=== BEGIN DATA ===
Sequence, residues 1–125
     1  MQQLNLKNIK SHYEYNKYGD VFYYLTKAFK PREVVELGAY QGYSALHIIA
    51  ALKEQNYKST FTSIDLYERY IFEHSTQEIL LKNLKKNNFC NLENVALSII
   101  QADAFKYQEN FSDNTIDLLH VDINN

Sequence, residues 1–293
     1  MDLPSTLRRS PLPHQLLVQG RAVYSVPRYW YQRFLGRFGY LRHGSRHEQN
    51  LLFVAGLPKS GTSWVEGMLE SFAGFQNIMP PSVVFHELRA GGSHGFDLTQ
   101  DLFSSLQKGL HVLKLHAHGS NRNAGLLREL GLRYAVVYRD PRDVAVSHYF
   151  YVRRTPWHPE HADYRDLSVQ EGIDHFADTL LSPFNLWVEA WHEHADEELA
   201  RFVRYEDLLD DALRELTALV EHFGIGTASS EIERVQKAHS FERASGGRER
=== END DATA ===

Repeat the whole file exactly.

Sequence, residues 1–125
     1  MQQLNLKNIK SHYEYNKYGD VFYYLTKAFK PREVVELGAY QGYSALHIIA
    51  ALKEQNYKST FTSIDLYERY IFEHSTQEIL LKNLKKNNFC NLENVALSII
   101  QADAFKYQEN FSDNTIDLLH VDINN

Sequence, residues 1–293
     1  MDLPSTLRRS PLPHQLLVQG RAVYSVPRYW YQRFLGRFGY LRHGSRHEQN
    51  LLFVAGLPKS GTSWVEGMLE SFAGFQNIMP PSVVFHELRA GGSHGFDLTQ
   101  DLFSSLQKGL HVLKLHAHGS NRNAGLLREL GLRYAVVYRD PRDVAVSHYF
   151  YVRRTPWHPE HADYRDLSVQ EGIDHFADTL LSPFNLWVEA WHEHADEELA
   201  RFVRYEDLLD DALRELTALV EHFGIGTASS EIERVQKAHS FERASGGRER